Daddy’s Little (Make That Big) Girl: 10 Ways Dads Empower Their Daughters

November 8, 2012  |  

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Either I’m getting old or a majority of hip-hop nowadays is misogynistic garbage.  Now you know I am not the one to go blaming hip-hop for the reason some females have low self-esteem and relationship issues. In fact, you might even catch me in the club twerkin’ it myself on any given Saturday.  But there’s a time and place for gyrating in your freakum dress to songs like French Montana’s “Pop That” and Juicy J’s “Bands Will Make Her Dance.”  I just wish there were more variety for our young women to choose from besides songs that glorify having a big booty and bouncing it for some change.

Degradation and disrespect of women is nothing new, so it would be unfair of me to blame today’s hip-hop community for the massacre of the black female image.  Let’s be real, Mitt Romney of all people believes womens’ bodies should still be at the mercy of federal laws.  But even in a world where women are commonly referred to as b***hes and h*es, I was always assured that it wasn’t going down in my childhood home.  I’d like to think a big reason why I have so much respect for myself and refuse to allow my self image to be at the mercy of male judgment was because I had the good fortune of having an involved father.  By involved, I don’t just mean being there and paying bills.  I mean having a father that treated my mother with respect and schooled his daughters on life, love and everything in between.

When a young girl has no positive examples of black men in her life, she may internalize the messages she sees in the streets and on TV and use them to define her womanhood.  I mean, let’s be honest, to most young girls nowadays being called a “bad b***h” or “5-star chick” is the highest form of flattery.  I don’t want young women to feel like they have to compromise their integrity to become successful or loved.  But so often, young women receive mixed messages from men that tell them just that. Many fathers don’t realize the powerful influence they have over how their daughters feel about themselves and relate to men as they grow older.  Here are 10 ways that dads truly do make a difference:

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1.  Teach her about respect and reputation.

As much as I love Drake, I must say he lead my sistas astray with YOLO.  Girls are doing the most for some Twitter followers and false celebrity lifestyle, not realizing that somewhere down the line they may have kids or future employers to answer to.  There are several paths to success and it’s hard for women to live certain pasts down, no matter how sophisticated or professional you eventually become (I’m sure you remember the former lingerie model turned teacher who lost her job because she couldn’t get her photos offline).  Would we look at The First Lady the same if we caught her in a 2 Live Crew video in the past?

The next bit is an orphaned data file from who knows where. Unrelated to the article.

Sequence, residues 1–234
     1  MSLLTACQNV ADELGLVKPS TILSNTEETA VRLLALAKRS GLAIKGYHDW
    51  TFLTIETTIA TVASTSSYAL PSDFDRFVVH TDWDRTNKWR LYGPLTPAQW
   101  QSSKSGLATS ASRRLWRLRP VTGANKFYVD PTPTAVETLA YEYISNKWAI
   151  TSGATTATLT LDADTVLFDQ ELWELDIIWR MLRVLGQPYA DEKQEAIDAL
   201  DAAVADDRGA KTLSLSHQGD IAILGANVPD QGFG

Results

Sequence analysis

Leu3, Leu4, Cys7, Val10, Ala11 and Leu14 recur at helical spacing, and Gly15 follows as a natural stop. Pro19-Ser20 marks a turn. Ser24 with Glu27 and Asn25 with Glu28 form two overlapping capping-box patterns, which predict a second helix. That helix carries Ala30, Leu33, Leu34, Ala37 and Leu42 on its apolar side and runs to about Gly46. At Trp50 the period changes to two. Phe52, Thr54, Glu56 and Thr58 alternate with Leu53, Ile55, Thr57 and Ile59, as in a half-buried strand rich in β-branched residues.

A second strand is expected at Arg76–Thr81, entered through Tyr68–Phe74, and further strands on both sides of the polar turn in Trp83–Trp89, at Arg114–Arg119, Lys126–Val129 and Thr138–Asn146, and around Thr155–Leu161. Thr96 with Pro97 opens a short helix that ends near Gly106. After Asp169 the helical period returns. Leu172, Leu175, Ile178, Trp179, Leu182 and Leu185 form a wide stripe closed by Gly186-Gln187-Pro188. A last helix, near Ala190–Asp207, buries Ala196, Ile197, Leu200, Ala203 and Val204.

Source: Bossip.com

2.  Treat her mother and other women with respect (even when it’s difficult).

It can be hard to practice chivalry with a woman who is acting anything but like a lady.  She’s calling you every word in the Urban Dictionary, slapping you upside your head and it’s almost as if she wants your inner Ike Turner to come out.  But keep in mind your daughter’s watching and listening to you.  That doesn’t mean you have to be a sucker, but realize one of her first lessons in love is the relationship between her mother and father.  Don’t contribute to the drama and walk away when you feel like you’re about to give her what she’s asking for.  Also be conscious of how you speak about women around her; keep adult conversations for when only adults are present and make sure you talk about your respect for women as much as you talk about your desire for them.

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3.  Let her know she’s beautiful inside and out and do it often.

I’ve had men tell me I was beautiful while I had one eyebrow filled in and crusty morning drool and still couldn’t take them seriously.  Our daughters are growing up facing images every day trying to tell us that all we need is light skin, long hair and booty injections.  As much as our culture likes to preach black is beautifully diverse, we sure like to glorify the same repeated images of beauty.  No matter what your daughter looks like, make sure you celebrate her inner and outer beauty, but more importantly, teach her to do the same.

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4.  Give her the real deal on relationships and appropriate affection.

One of the biggest problems that our young women face is that they’re being sold a fairytale Trey Songz video version of romance (which basically includes boot knocking and headboard banging) or they have a bitter woman in their ear giving her the Keyshia Cole pre-Boobie version of love hurts.  There’s no balance.  Our young women need to know that they are not powerless to love and pain and that they have some control over what happens to them.  A father’s first instinct will be to shelter his daughter from heartbreak, and defend her honor by hiding the brutal truth about what men really think, but she needs to be schooled on how to fight for her heart herself.  Let her know what men really think about women whose Facebook pictures feature nothing but them “tooting that thang up.” And let her know that true love isn’t just about freaking and fighting, but about all the intimate moments in between.

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5.  Make sure she’s educated, both in the school and in the street and cultivate her talents.

Invest in her education by not just visiting her teacher for report card conferences.  Make education a priority both in and out of the classroom.  My dad may not have been breaking down quadratic equations, but he always read to us and made sure our home was filled with books.  Even today he will break down to me parts of political debates I may not understand, or take time to tell me a little bit about the Black Panthers or days of discrimination in the south.  Even if you have negative experiences in your past, use them to educate her about her present and her future.  Take active interest in extra-curricular areas where she displays some talent, even though she may not recognize it herself.